Unless they invest in the difficult task of creating new things, American companies will fail in the future no matter how big their profits remain today. What happens when we’ve gained everything to be had from fine-tuning the old lines of businesses that we’ve inherited? Unlikely as it sounds, the answer threatens to be far worse than the crisis of 2008. Today’s “best practices” lead to dead ends; the best paths are new and untried.

Zero to One: Notes on Startups, or How to Build the Future (2014).

Whenever I interview someone for a job, I like to ask this question: “What important truth do very few people agree with you on?” This question sounds easy because it’s straightforward. Actually, it’s very hard to answer. It’s intellectually difficult because the knowledge that everyone is taught in scholl is by definition agreed upon. And it’s psychologically difficulty because anyone trying to answer must say something she knows to be unpopular. Brilliant thinking is rare, but courage is in even shorter supply than genius.

Zero to One: Notes on Startups, or How to Build the Future (2014).

Manhattan-Style Projects

Most of our political leaders are not engineers or scientists and do not listen to engineers or scientists. Today a letter from [Albert] Einstein would get lost in the White House mail room, and the Manhattan Project would not even get started; it certainly could never be completed in three years. I am not aware of a single political leader in the U.S., either Democrat or Republican, who would cut health-care spending in order to free up money for biotechnology research—or, more generally, who would make serious cuts to the welfare state in order to free up serious money for major engineering projects.

The End of the Future,” National Review, October 3, 2011.


We’re definitely onto something big. The need PayPal answers is monumental. Everyone in the world needs money—to get paid, to trade, to live. Paper money is an ancient technology and an inconvenient means of payment. You can run out of it. It wears out. It can get lost or stolen. In the twenty-first century, people need a form of money that’s more convenient and secure, something that can be accessed from anywhere with a PDA or an Internet connection. Of course, what we’re calling “convenient” for American users will be revolutionary for the developing world.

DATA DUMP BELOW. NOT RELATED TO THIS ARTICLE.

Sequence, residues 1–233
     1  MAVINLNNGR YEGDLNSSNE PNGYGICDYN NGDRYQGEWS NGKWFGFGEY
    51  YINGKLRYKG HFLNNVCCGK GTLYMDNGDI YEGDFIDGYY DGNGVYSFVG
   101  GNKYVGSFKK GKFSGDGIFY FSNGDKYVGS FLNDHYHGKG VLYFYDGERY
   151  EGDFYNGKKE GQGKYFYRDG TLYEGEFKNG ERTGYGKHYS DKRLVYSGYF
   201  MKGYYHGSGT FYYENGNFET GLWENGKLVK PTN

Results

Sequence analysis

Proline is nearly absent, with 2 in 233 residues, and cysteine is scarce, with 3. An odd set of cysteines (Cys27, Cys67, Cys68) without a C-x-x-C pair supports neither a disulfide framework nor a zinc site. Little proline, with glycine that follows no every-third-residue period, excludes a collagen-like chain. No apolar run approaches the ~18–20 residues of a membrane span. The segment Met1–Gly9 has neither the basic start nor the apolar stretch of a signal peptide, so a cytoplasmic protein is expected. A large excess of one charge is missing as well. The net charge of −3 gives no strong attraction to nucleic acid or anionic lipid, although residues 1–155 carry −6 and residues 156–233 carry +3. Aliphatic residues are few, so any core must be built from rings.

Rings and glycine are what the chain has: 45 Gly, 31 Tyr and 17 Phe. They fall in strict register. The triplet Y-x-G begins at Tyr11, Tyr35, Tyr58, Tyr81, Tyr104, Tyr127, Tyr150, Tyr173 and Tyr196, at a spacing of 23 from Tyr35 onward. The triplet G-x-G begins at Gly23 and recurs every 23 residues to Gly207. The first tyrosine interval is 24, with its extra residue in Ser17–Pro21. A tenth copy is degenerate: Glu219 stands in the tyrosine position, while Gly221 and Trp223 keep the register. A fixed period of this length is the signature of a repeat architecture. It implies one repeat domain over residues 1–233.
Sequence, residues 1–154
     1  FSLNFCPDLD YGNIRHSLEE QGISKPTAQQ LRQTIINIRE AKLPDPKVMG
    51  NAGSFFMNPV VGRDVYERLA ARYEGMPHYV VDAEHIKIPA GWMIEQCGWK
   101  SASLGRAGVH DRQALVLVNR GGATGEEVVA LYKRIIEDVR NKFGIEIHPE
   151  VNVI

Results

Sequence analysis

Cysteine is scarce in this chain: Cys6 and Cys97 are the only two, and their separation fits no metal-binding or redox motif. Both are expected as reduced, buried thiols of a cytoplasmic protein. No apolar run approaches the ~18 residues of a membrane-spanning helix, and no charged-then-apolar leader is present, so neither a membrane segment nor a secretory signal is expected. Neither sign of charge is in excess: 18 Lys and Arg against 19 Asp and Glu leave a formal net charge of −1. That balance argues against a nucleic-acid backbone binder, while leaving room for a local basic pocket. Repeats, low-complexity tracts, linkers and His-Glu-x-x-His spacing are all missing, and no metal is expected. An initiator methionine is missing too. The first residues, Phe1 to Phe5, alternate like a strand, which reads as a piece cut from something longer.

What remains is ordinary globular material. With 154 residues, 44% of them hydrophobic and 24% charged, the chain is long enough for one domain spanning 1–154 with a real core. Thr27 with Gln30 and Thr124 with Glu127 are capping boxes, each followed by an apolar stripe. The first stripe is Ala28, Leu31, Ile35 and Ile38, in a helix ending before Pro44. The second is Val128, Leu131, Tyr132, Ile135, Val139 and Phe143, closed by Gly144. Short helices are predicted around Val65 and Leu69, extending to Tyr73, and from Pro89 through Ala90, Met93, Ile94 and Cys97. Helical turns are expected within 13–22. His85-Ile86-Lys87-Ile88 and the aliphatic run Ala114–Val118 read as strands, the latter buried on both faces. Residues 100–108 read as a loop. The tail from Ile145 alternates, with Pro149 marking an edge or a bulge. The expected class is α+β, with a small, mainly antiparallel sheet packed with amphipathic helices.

Speech delivered in 1999 to PayPal staff; as reported by Eric M. Jackson in The PayPal Wars: Battles with eBay, the Media, the Mafia, and the Rest of Planet Earth (2004).

Progress vs. Progressivism

Men reached the moon in July, 1969, and Woodstock began three weeks later. With the benefit of hindsight, we can see that this was when the hippies took over the country, and when the true cultural war over Progress was lost. Today’s aged hippies no longer understand that there is a difference between the election of a black president and the creation of cheap solar energy; in their minds, the movement towards greater civil rights parallels general progress everywhere. Because of these ideological conflations and commitments, the 1960s Progressive Left cannot ask whether things actually might be getting worse.

The End of the Future,” National Review, October 3, 2011.

Teaching Innovation

The paradox of teaching entrepreneurship is that such a formula necessarily cannot exist; because every innovation is new and unique, no authority can prescribe in concrete terms how to be innovative. Indeed, the single most powerful pattern I have notices is that successful people find value in unexpected places. . . .

Zero to One: Notes on Startups, or How to Build the Future (2014).


[The media] never takes [Trump] seriously, but it always takes him literally. I think a lot of the voters who vote for Trump take Trump seriously, but not literally.

Interview with Thomas Burr, “The Presidential Election of 2016,” National Press Club Newsmaker, with Peter Thiel, October 31, 2016.


The university system in 2014, it’s like the Catholic Church circa 1514. . . . You have this priestly class of professors that doesn’t do very much work; people are buying indulgences in the form of amassing enormous debt for the sort of the secular salvation that a diploma represents. And what I think is also similar to the 16th century is that the Reformation will come largely from the outside.

Interview with Bill Kristol, “Peter Thiel on Innovation and Stagnation,” Conversations with Bill Kristol, July 29, 2014.

Work and Success

It’s good to test yourself and develop your talents and ambitions as fully as you can and achieve greater success; but I think success is the feeling you get from a job well done, and the key thing is to do the work.

Caroline Howard, “Peter Thiel: ‘Don’t Wait to Start Something New,'” Forbes, September 10, 2014.